Steel doors

We headed to court in a bucking van, but it couldn’t shake me out of a major funk. For eight days, I had slept, cold and alone, in the keep of a forbidding gray monolith. I had been snatched away with no phone call home – or to an attorney – and thrown in jail with others who hadn’t asked to be there. I had observed, trying to decipher where I  fit, if I fit. They seemed okay, but what did I know. I’d never met a real inmate before and certainly hadn’t been forced to mingle with a pack of them, eat with them or learn their language.

In the van came much brooding. I had committed a misdemeanor. Didn’t matter. Guards in basic black made sure I couldn’t do much except stare at – or away from – my fellow inmates. Just like me, ankles and wrists chafed in steel.

“What’d you do?” asked a baby-faced inmate with arms-full of faces and a woman’s name and swirls and geometric shapes done in lots of color, like red, and with apparent skill.

            Say nothing! You’ve done nothing to trigger awe or fear, like murder. Your response might draw unwanted attention – and laughs.

I kept my distance. That was after the steel doors slammed for the first time. And that was after the last time I texted her. And that was before hobbling to court that day.

Now, I took my place in a trail of orange, stutter-stepping along with about two dozen others, our hands and ankles still shackled. Even though this would be my last day in chains, I had to endure one last trial. It would come, though, without those damn doors and their metal explosion like the clap of death.

To be continued with next post, coming soon!

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Notice on courthouse wall

Barely seen

barely peeking

under clutch of notices like leaves

from a tree barely hung

about to fall

 

Hands dig though

discord notice isolated

 

Unclaimed body

Clayton Anderson

died Jan. 16, pneumonia –

still with us —

must be claimed by

March 16, or will be

disposed as per county code

notice dated Jan. 20

 

“That’s terrible,”

A man says as he hurries by

 

Another man strolls by

bulging case of papers mouth moves

“Yeah,” he says to a blue

thing on the side of his head

 

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Village elder

Honduras,  20180274 nn

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Chuck Wanager, author

author page 6.13.18

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China blue

The design shop owner spoke to a friend on her phone, a big brown box of Grandma’s china sat on the counter, an arc of my covenant, an opening in top where the word could get out, but not today

Yes, she would see her friend soon, the owner said. She walked around a table in burnt umber and talked and gazed to the sun and mouthed words and I faded. Could I give this up?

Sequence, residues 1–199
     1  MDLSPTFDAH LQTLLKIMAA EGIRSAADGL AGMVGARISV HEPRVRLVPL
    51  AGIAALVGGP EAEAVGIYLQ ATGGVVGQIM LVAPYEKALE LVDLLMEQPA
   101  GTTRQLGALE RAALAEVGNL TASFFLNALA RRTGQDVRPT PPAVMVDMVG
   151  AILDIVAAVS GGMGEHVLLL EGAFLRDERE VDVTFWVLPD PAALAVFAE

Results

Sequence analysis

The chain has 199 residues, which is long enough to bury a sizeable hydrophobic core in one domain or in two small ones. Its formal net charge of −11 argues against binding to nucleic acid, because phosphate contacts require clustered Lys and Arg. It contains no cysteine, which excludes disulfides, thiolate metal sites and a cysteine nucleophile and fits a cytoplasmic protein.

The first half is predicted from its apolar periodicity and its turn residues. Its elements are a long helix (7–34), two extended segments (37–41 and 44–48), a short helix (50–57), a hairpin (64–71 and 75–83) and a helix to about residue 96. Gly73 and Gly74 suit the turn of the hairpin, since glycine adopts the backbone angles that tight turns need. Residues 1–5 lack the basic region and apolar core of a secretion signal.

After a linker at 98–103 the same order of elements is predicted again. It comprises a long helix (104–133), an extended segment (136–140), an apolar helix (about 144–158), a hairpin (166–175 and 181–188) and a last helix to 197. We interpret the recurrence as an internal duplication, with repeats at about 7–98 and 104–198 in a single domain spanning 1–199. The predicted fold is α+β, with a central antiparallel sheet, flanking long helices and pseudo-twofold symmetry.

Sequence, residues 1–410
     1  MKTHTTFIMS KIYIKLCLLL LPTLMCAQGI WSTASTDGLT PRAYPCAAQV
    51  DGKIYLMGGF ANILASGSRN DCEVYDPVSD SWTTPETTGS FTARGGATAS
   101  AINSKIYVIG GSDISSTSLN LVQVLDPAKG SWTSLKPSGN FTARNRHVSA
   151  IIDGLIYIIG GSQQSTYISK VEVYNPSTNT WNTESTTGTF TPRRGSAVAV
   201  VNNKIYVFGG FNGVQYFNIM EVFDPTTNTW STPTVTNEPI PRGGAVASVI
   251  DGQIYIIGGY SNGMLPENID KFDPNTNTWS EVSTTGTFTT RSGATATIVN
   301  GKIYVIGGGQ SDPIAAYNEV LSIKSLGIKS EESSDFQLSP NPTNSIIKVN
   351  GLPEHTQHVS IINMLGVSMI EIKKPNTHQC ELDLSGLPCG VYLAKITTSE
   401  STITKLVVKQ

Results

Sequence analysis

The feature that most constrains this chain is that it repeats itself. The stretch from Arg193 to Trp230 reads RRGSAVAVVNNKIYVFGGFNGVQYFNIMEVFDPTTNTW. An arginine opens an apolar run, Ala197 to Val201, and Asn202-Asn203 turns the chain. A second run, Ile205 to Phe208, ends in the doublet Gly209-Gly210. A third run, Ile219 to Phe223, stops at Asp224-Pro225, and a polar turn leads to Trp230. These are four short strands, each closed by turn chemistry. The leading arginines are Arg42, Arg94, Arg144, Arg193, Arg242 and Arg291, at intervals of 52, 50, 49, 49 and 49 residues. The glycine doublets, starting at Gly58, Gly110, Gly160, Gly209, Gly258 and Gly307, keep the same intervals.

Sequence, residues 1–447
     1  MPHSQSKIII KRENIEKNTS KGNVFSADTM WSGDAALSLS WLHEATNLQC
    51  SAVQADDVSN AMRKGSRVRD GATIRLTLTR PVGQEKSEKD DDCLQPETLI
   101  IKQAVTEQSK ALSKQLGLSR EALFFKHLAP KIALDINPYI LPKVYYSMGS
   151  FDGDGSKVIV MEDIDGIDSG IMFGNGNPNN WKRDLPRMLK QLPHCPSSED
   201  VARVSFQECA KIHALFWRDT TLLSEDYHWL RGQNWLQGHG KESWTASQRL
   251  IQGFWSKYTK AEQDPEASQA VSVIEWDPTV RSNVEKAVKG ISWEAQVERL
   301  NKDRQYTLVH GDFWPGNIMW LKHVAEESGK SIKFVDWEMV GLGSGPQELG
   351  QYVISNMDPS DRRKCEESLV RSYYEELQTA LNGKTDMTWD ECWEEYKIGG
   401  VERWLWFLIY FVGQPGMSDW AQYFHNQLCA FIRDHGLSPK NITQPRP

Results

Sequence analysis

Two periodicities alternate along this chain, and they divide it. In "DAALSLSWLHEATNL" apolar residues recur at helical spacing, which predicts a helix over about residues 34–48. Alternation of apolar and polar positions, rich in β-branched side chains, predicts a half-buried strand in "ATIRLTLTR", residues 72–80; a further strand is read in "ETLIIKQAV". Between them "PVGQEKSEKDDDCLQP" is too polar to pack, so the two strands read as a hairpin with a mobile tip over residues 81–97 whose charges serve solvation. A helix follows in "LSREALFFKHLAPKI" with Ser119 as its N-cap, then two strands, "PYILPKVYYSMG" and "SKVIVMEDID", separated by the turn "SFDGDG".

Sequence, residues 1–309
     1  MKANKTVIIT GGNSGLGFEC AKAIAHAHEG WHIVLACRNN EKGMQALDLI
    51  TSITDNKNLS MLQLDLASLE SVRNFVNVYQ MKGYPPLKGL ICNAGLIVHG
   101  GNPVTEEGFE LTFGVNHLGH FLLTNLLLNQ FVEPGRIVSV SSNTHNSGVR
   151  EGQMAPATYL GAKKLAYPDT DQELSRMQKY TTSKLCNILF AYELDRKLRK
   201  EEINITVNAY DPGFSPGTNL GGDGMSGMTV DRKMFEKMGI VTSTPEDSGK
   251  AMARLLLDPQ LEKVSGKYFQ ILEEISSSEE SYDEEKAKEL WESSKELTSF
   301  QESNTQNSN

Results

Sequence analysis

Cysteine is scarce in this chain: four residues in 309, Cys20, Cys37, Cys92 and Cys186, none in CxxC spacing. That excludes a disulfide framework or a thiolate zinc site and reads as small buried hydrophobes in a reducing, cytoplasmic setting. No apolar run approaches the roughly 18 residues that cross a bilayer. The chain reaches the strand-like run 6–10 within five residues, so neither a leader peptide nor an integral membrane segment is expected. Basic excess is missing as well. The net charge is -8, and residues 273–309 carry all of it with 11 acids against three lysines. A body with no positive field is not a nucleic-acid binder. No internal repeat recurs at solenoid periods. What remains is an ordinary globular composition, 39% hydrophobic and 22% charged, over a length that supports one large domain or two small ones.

These willows and peacock hovering in blue jasmine on bone white? Came out on holidays  and we saw them and admired them and Grandma ran her hand across them and gazed into our past

She always said it was Blue Willow a special kind of plate with a special pattern with a  special kind of value, too. Did she know the difference? The woman and others, too, shook their heads.

My throwing-out period began a few weeks before, and I went to a shop and a crusted old man with skin bone white and dirt patina said he would give me $20 for it all.

What? I should just give away my arc? Yeah, I know it’s not Blue Willow and, yeah, I know the market has gone to hell in a brown box, but for that? Just that? I went away.

I waited for the woman. When she put down her phone, she said, yeah, not so much. And I went back to the dirt man and he was closed for the day.

Sun came up warm with a promise of even warmer as April dawned. “When does he open?” meaning that day, I asked. “Come back tomorrow morning.” A man said.

“Oh, okay, I got you. Wrong day.” “Yeah,” he said, and smiled. “What do you have?” I had a big brown box of old china. He said talk to him, the owner. “Ok.”

“Is that all you got?” the man called as I walked away. “China?”

“China? … yes,” I nodded. He looked over from his work.

“Got any pots and pans?”

 

 

 

 

 

 

 

 

 

 

 

 

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Young man

Young man

big red can

frozen to camper

big white old

ready to go – cold

Stocking cap

purple in back

stung hands chapped

bitter wind slapped

strong gray bold

temps break mode

Sleeping bag lady

large green weighty

cold type cries to many

“Out of work! Hungry!”

hurry blue groc bag

filled to top – sags

Onto Interstate

new black hard

camper pulls out

lady starts to shout

need a ride, man

young man cold slam

 

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Love the sun season

photo by Chuck Wanagerflower 1 McIntosch 8.23.09

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